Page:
Advance Directives

A time may come when you or a loved one is seriously injured or becomes gravely ill. Although we may prefer not to think about such a situation, it is best to be prepared to make decisions about one’s medical care regarding life support. Advance Directive is a term that covers several documents that lay out what kind of medical care you or your loved one desires in such a situation. These terms may include specifying what treatments you do, or do not, want in certain cases, or naming a person to make health decisions for you if you are unable to do so yourself. By learning about the various options available, individuals can help ease the pain of such situations and ensure one’s wishes are carried out.

Why have an Advance Directive?

  1. To protect your right to make choices about medical care that affect your life.
  2. To make your doctor and other caregivers aware of the kind of medical care you want, or do not want, in the event that you are too sick or injured to speak for yourself.
  3. To help relieve your family and loved ones of the stress of making difficult decisions on your behalf.

Preparing an Advance Directive

The best way to prepare an Advance Directive is in the comfort of your home, when you have time to think carefully and consider all options. It is important to discuss your wishes with your family, friends, and loved ones. Also, a lawyer may be helpful in executing an Advance Directive, or you may link to relevant forms from this page.

Types of Advance Directives

Living Will: A living will, also called a directive to physicians, takes effect while you are living, but unable to speak for yourself, and outlines your wishes regarding health care during a medical emergency. It is important that you give a copy of your living will to your physician to include in your medical file so that your instructions can be followed. It is your responsibility to give a copy to all facilities where you may receive health care. Also, let a family member or close friend know where to find a copy if it is needed. A living will goes into effect from the date your doctor receives a copy, determines you are unable to make your own healthcare decisions, and determines you are terminally ill or have an irreversible condition. The living will has limited use and only applies if you have a terminal medical condition, such that death is expected soon; it can be changed or revoked at any time.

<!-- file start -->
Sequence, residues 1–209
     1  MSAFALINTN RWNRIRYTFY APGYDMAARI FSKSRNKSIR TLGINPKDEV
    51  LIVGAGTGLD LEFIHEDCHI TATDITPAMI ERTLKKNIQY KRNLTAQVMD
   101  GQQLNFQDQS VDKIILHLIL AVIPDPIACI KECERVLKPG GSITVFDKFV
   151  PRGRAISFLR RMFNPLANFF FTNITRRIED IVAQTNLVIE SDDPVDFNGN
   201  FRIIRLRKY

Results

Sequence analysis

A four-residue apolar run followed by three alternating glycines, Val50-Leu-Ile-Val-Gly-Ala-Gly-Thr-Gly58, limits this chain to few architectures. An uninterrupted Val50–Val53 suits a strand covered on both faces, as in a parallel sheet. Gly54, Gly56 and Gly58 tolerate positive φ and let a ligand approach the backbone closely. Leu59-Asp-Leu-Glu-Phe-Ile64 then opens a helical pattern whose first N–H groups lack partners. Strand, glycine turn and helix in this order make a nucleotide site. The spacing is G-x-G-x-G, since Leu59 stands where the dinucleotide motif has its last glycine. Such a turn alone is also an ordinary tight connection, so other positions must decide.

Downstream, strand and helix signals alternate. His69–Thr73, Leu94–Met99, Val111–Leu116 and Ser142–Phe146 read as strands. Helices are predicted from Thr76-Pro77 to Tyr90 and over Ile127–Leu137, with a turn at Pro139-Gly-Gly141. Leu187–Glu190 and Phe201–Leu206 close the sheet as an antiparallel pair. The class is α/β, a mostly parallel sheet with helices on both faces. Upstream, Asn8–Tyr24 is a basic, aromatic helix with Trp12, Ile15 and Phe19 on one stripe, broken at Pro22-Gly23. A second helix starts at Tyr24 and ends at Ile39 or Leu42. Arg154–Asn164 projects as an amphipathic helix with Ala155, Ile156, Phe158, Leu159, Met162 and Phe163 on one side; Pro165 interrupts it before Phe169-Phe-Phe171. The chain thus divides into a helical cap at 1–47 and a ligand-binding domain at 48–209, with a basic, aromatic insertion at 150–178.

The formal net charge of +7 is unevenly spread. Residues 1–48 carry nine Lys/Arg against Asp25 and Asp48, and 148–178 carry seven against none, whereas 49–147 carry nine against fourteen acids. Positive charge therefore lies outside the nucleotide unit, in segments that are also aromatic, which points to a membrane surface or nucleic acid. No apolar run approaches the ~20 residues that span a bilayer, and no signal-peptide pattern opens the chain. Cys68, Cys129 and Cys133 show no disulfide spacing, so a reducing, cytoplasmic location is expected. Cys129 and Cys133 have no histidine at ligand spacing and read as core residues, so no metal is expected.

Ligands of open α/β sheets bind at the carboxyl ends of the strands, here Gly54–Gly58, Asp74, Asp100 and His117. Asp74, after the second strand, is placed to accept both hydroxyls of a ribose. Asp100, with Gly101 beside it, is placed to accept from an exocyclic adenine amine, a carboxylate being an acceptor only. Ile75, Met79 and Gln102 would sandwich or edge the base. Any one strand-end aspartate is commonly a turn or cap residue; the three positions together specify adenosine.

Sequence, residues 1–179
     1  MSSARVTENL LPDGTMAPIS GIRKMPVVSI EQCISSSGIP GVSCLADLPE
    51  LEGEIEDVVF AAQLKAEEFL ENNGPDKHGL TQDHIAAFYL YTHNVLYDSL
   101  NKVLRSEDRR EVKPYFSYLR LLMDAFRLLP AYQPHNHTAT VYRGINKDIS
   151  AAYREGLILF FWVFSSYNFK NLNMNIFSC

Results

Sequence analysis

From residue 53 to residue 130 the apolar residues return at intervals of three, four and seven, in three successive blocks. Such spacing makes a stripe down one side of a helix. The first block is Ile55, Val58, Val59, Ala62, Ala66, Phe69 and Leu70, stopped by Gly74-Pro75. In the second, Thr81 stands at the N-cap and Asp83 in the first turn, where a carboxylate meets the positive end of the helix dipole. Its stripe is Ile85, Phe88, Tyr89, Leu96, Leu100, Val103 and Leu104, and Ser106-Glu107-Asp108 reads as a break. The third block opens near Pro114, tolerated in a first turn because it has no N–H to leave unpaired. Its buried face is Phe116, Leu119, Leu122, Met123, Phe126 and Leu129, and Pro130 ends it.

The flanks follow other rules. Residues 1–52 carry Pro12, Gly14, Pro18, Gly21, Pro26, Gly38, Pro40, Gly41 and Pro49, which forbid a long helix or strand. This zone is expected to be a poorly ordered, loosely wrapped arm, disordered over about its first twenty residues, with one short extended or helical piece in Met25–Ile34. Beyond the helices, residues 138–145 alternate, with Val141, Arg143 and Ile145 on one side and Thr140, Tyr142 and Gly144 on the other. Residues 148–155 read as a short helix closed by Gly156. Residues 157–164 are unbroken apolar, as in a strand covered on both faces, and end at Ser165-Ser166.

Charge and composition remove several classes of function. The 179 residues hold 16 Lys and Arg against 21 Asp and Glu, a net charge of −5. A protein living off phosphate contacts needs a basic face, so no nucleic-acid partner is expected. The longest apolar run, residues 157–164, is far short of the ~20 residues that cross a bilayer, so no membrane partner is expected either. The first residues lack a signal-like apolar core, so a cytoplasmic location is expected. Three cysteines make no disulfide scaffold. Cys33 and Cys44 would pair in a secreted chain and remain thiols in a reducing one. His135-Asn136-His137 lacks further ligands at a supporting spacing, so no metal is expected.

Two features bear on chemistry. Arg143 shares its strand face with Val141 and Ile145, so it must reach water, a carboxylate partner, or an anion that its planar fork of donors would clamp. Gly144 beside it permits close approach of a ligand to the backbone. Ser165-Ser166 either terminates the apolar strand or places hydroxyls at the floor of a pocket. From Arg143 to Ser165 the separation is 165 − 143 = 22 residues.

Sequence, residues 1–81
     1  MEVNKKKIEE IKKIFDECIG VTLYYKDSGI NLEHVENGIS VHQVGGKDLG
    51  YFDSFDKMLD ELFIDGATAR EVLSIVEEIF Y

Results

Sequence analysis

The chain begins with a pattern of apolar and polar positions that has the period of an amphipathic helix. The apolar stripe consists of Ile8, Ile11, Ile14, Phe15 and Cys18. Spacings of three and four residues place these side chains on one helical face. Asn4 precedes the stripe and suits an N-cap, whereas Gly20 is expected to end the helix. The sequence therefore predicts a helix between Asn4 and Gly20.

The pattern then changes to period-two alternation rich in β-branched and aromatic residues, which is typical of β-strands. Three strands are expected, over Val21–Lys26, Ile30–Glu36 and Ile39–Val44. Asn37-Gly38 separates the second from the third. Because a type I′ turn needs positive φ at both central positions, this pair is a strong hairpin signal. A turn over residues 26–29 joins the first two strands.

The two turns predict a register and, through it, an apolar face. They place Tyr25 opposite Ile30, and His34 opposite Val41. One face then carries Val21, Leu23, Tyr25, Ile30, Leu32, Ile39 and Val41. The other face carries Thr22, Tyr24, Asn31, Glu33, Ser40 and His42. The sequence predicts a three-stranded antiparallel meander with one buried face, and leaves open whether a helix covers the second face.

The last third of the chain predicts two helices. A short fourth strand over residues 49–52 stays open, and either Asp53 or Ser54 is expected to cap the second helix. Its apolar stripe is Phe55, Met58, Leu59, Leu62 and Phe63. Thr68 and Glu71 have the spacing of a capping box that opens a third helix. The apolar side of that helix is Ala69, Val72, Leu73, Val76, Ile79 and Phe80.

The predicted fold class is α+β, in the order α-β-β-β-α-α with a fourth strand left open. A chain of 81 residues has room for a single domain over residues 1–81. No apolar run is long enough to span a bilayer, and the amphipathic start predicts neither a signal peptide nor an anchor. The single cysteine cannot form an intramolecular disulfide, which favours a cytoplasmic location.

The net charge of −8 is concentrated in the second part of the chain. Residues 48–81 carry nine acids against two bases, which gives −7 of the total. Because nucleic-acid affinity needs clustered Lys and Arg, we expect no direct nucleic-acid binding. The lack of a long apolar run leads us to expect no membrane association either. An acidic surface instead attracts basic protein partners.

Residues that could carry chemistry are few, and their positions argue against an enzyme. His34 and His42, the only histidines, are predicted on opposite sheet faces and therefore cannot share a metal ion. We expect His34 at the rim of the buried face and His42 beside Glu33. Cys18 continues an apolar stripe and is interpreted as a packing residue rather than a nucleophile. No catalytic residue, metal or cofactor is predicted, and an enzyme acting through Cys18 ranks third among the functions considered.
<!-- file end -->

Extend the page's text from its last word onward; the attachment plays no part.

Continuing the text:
Medical Power of Attorney for Health Care: This document allows you to appoint another person to make decisions regarding your medical care when you are unable to do so for yourself for mental or physical reasons. The person must be at least 18 years of age and should be someone you know and trust. You may include specific directions, just as you would in a living will. Your representative has the power to make a broad range of health care decisions for you. They may consent, refuse to consent, or withdraw consent to medical treatment, which can include life support. However, your representative may not consent to voluntary inpatient mental health services, convulsive treatment, psychosurgery, or abortion. Even after you have signed the power of attorney, you still have the right to make health care decisions for yourself as long as you are able to do so. Treatment cannot be given or stopped if you indicate an objection; the power of attorney can be changed or revoked at any time.

Out-of-Hospital Do-Not-Resuscitate Order: There may come a time when, due to a terminal condition or the possible consequences, you decide you want to die a natural death without being revived. An Out-of-Hospital Do-Not-Resuscitate (DNR) order is for the purpose of instructing emergency medical personnel and other health care professionals to forgo resuscitation attempts and to permit the patient to have a natural death. This order does not affect the provision of other emergency care, including comfort care. It simply states your wish to not have cardio-pulmonary resuscitation (CPR), which generally consists of chest compressions, artificial ventilation techniques, medication, and electrical shocks to the heart. A DNR order is valid in the emergency department, ambulance, long-term care, and in the home. To complete a DNR while in the hospital, please inform your healthcare personnel upon admission.

Contact Us

For assistance or more information, please contact:

Coryell Health Social Services

Phone: (254) 248-6330